I used an HP3000 but I think it was similar to the 2000, but a little beefier.

It was 1978, I was 13 years old and I was running the TUT01-TUT25 programs that gave you a self-instructed tutorial on programming in BASIC on the system. It was much more interesting than playing the games!

I remember being particularly perplexed on the tutorial program that showed character graph plotting by plotting a sine wave. Simple functions like

def fnb(x)=x*x gave me no difficulty, but I couldn't understand how a function could give oscillating results with a monotonically increasing input. I hadn't had algebra yet, much less trigonometry!

It was a nice little system though. It was at the University of Delaware.

carlsson
March 24th, 2006, 02:58 AM
Yes, I had similar feelings almost a decade later when playing with SIN, COS and other functions. I considered them a bit magical - but not random - and learned as much as the function will run in cycles for increased input. I don't think trigonometry was touched until college, and then it was more talk about unit circle and formulas for calculating angles in a triangle than sine waves.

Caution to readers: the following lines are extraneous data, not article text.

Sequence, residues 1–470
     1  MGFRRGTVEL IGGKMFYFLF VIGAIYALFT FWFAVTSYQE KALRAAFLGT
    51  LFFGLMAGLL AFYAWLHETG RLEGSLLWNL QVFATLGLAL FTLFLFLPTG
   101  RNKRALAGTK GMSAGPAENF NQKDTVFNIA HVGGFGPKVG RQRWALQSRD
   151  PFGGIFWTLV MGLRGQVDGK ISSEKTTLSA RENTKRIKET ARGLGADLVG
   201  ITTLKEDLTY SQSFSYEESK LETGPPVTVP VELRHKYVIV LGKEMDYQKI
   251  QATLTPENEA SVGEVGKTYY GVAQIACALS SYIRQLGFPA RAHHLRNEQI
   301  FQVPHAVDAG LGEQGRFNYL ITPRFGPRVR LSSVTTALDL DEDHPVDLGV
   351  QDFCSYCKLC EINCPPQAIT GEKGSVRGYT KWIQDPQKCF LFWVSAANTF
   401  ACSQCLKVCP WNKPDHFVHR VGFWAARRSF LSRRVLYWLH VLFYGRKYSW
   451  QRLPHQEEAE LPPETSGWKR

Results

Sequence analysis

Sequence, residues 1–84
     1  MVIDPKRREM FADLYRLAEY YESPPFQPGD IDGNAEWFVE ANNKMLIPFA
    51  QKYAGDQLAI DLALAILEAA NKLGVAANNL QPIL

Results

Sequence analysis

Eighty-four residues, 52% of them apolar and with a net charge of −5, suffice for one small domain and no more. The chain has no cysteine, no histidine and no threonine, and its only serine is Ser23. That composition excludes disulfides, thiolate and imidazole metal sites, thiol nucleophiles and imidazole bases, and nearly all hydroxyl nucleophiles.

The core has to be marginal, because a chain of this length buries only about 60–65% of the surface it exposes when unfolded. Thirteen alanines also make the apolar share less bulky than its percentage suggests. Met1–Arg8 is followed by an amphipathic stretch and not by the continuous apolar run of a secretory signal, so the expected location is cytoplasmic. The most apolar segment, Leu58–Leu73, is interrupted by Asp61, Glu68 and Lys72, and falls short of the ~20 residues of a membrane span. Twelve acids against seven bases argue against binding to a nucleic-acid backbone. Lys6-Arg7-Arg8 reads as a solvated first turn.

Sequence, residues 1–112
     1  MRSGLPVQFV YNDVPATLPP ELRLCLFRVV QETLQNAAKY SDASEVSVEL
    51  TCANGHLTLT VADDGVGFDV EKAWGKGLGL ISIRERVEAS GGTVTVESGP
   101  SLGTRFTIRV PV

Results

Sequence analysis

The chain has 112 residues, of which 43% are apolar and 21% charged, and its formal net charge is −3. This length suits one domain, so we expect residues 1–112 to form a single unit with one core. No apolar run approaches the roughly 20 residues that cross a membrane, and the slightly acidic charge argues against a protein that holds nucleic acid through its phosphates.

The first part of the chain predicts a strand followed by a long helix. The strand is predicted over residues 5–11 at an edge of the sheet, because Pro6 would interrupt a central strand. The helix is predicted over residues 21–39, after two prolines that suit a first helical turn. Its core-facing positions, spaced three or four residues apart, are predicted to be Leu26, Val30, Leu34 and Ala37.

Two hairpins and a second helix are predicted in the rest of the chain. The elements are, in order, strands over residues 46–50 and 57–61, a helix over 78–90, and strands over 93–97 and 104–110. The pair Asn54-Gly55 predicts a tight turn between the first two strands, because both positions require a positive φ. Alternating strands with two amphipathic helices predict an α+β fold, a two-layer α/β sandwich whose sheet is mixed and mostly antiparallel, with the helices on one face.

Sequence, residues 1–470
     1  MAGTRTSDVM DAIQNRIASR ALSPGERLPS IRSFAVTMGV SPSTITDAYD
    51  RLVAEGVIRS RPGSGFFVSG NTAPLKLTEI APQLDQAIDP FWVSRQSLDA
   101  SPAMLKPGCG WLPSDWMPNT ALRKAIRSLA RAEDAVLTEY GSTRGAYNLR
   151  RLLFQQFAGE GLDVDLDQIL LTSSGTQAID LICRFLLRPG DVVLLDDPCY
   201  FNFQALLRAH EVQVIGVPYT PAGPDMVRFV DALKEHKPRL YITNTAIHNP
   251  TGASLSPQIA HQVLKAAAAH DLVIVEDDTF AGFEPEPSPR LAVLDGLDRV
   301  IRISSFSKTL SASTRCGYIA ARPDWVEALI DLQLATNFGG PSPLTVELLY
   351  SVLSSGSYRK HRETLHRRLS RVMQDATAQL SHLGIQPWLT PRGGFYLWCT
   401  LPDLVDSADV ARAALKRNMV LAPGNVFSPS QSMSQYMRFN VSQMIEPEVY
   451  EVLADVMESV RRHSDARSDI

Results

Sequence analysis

nige the hippy
April 8th, 2006, 03:45 AM
The "hello" and welcome message rings a big bell with me too..

I started computing at school in about 1976, we had an accoustic coupler and a teletype with a wobbly leg, in a large cupboard which we used at lunch times - hooked up to the local FE college. Then every thursday night there was an impromptu bicycle race to the college where we had time in the (orange and brown) computing department. those who got there first got to use the newbury VDUs!

This situation continued for a couple of years, until the wobbly leg gave way, and the teletype crashed to the floor spilling it's incredibly complex guts all over the place.... end of an era, and start of micro-computers for me.

Really miss the smell though, hot oil and shellac!

carlsson
April 8th, 2006, 05:22 AM
A bit off-topic, but my big brother (37 years old) confined yesterday that he has never understood how to use or even define Pi, until my six year old nephew in pre-school class had been teached the relation between the diameter and circumference of a circle. That's quite advanced for teaching a six year old, I think.